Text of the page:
When your ex moves on from the relationship before you
At the beginning of the pandemic, I packed my bags and flew to my parents’ house to wait out what I thought would be a 4-month of working remotely.
I had just started a relationship with someone I met on Hinge and felt confident that when I returned, our lives would be normal again – him caring all too much about me, me having a reliable date.
However, I ignored the red flags that popped up in our conversations.
He was too eager to agree with me, too excited about everything I said, and too interested in transitioning from regular dates to a relationship. I found his attraction to me flattering, though, so instead of telling him how I really felt, I went with the flow.
We had gone on a few dates before I flew out to my parents’ house and eventually decided to try to stick it out when I was with my family. Two months in, though, this guy and I were at each other’s throats.
Daily FaceTimes felt more like an obligation than something to look forward to, and I began including my mom on those calls to act as a buffer. We would fight about ridiculous things like hours spent on a golf course and what the capital of France really is.
I ultimately asked him for some space.
A week went by, and I compiled my thoughts. I wrote out exactly how each of his actions made me feel and why I felt the way I did. He responded with a phone call and an apology, and I assumed that our relationship would settle down a bit.
Boy, was I wrong.
The next day, he asked if we could continue the conversation. I said “yes” because what girl doesn’t love hearing a lengthy apology and some ego-boosting flattery? I joined the FaceTime and felt my heartbeat increase as the tone of the call shifted dramatically.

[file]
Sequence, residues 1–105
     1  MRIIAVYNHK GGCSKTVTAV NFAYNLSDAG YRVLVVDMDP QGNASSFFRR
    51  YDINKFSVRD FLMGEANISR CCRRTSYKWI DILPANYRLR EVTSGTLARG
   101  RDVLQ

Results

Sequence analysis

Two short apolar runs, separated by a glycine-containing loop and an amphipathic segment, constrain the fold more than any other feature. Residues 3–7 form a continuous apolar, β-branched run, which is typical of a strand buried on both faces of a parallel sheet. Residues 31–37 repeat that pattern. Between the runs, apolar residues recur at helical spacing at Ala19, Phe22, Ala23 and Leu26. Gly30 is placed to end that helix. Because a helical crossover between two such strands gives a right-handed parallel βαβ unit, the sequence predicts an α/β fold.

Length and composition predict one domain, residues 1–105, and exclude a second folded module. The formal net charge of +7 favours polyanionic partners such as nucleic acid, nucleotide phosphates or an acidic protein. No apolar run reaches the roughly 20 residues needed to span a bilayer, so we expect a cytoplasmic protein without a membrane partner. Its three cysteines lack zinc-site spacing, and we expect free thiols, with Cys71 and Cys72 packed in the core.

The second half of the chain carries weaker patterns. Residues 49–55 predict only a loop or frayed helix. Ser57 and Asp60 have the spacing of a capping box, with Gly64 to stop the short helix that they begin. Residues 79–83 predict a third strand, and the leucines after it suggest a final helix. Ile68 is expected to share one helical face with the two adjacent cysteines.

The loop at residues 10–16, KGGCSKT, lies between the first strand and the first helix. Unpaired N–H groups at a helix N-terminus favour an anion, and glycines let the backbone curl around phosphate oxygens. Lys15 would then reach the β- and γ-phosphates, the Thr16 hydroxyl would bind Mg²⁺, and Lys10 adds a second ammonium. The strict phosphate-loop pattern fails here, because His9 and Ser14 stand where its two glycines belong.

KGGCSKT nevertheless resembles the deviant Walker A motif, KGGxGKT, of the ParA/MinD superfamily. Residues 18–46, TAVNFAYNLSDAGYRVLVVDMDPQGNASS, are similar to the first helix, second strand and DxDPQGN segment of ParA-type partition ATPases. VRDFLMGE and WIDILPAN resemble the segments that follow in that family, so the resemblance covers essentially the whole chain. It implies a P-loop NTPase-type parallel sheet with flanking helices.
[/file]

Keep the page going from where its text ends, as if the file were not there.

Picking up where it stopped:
Our “relationship” was over. He hung up in tears, supposedly heartbroken.
Not even a week later, a friend texted me saying that my ex messaged her and said that he wanted to meet her. Meanwhile, I was sitting in my childhood bedroom, completing a paint-by-number with my mom.
I was clearly not “getting back out there,” and he clearly was not “heartbroken.”
My apartment lease was up, and I promised a friend that I would go to her wedding, so I packed up my stuff and went back to grown-up land. I re-downloaded Hinge and matched with several suitors whom I planned to meet when I returned. I knew that I was packing up my apartment to return to my parents’ house, so I had no intention of starting anything serious.
After a few dates, I met with my pre-pandemic man for a post-mortem. After all, I wanted to know all of the things I had done well in the relationship and everything I could have done better.
I told him that I was upset that he had pretended to be the heartbroken one but moved on so quickly.
I was honest about how his actions hurt my feelings and how he should have considered me when he gallivanted around.
Honesty and transparency gave us both closure. Wearing your heart on your sleeve can definitely be terrifying, and being vulnerable can make you feel like you “lost” the breakup.
But viewing relationships as trophies that you can win or lose diminishes and a part of life that can have real consequences on our emotions. That’s not fair to our heads or our hearts.
I’m a firm believer that the end of any relationship should come with a discussion and a game plan. How often should each person contact the other?
How soon until you each can begin dating again? What happens if you have a physical interaction in the future?
Seeing someone move on faster than you brings up anger, resentment, jealousy, but all of those feelings are normal. Eat a pint of ice cream.
Get a revenge body. Embrace how horrible you feel, and do whatever you have to do to move on. As long as you can remember that dating isn’t a game, you’ll never lose.